A vital bridge

“I have worked in this field for 15 years and seen a lot of
different initiatives, but you don’t often get the feeling that you
have got the x-factor, but I got that feeling with Bridging the

So says Jon Royle, area director of Alcohol & Drug Services,
the agency responsible for the project that walked away with two
prizes at the Community Care Awards 2004.

Bridging the Gap is a pilot project based in Tameside near
Manchester, whose bold strategy to train former drug and alcohol
service users to work within substance misuse services has reaped

The idea for the project came when Royle was sitting on a local
drugs strategy group in Wigan. “There was a national issue about
not having the workforce to deliver the services envisaged in the
government’s 10-year plan,” Royle says.

“There was the potential to run a course that would benefit the
workforce and the people who went on it,” he says. “So many users
tell us there is nothing they would like more than to turn an
incredibly negative experience in to something positive and use
their experience to put something back. So you could almost see
Bridging the Gap forming out of the ether.”

Royle put together an ambitious proposal and put in a bid for
funding from the single regeneration budget with matched funding
from Europe. That proposal was to set up a six-month, part-time
training course for 25 former service users to increase their
employment prospects and to increase the number of skilled workers
in the field.

He put in a lot of work presenting his vision to local community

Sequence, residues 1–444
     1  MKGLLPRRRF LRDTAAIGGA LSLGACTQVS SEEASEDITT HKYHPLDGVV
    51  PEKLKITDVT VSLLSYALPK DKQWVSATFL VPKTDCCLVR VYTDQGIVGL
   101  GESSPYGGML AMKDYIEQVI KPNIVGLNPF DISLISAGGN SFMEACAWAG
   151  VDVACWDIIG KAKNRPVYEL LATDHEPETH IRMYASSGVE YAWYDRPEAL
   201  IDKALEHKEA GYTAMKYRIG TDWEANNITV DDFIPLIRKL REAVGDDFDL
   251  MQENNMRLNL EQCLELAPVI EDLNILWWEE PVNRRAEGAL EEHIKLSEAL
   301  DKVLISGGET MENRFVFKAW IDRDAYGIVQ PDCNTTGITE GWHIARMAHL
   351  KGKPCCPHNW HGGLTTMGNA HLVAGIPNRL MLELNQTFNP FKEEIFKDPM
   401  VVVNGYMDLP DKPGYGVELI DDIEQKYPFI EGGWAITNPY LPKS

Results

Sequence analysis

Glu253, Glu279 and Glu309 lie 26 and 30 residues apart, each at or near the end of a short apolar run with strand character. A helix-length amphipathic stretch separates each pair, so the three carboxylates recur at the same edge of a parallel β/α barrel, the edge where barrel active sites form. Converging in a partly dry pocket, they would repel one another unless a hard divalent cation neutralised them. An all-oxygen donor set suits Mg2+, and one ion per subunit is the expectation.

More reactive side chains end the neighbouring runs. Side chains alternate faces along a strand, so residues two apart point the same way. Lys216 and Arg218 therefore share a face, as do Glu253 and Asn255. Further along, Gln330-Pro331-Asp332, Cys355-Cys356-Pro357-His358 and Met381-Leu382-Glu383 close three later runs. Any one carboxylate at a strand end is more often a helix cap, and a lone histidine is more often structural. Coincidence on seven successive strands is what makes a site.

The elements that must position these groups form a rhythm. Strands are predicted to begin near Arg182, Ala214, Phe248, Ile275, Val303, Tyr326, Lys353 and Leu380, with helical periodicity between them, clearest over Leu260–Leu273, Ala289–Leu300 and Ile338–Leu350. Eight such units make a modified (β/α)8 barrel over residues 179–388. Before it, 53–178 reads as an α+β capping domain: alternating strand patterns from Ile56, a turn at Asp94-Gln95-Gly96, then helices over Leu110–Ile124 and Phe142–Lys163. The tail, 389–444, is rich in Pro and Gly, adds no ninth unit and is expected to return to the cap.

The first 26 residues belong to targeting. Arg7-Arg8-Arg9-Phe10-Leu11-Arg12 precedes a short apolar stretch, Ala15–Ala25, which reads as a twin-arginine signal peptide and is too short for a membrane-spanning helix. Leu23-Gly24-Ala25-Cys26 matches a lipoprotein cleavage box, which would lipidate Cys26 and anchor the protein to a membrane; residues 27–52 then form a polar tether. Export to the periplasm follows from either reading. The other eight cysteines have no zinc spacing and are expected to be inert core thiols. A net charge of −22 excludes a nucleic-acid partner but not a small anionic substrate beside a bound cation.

groups and trying to win the support of the statutory substance
misuse agencies, which were initially very sceptical. “Some people
questioned whether you could turn current or ex-drug users in to
the workers of tomorrow.”

A multi-agency steering group was set up in July 2003 with
representatives from the drug action team, police, adult and young
people’s substance misuse services, Jobcentre Plus and the
community. With backing from Tameside DAT co-ordinator Lisa Lees,
funding for 18 months was secured and Royle was able to appoint
project and training co-ordinator Michelle Ellis, and a part-time

Ellis’s appointment was crucial says Royle: “We were setting up
a challenging scheme and realised it would be difficult to get
someone who had training and teaching skills who was also an
experienced drug and alcohol worker. So what we were looking for
was someone who had the teaching skills and the passion to work
with people who had experienced difficulties and would communicate
that passion, which these people would need to inspire them.

Royle had set a target for Ellis to attract 60 applicants and
interview 40. In fact, 250 people applied to join the course, and
60 were interviewed. “I was looking for people who were going to
complete the course – they needed to have academic ability and be
stable,” Ellis says. Of the 25 who were selected, 20 were current
or former substance misuse service users, and the remaining five
had experience as a “concerned other”.

Unusually, the course accepts people who are still in treatment
and taking prescribed medication, and criminal convictions do not
disbar applicants as long as they are not for a violent crime.

The training, which takes place in different community centres
around Tameside, consists of a one-week induction, a structured
six-month training programme over 15 hours each week that aims to
give a broad foundation in drug work including communication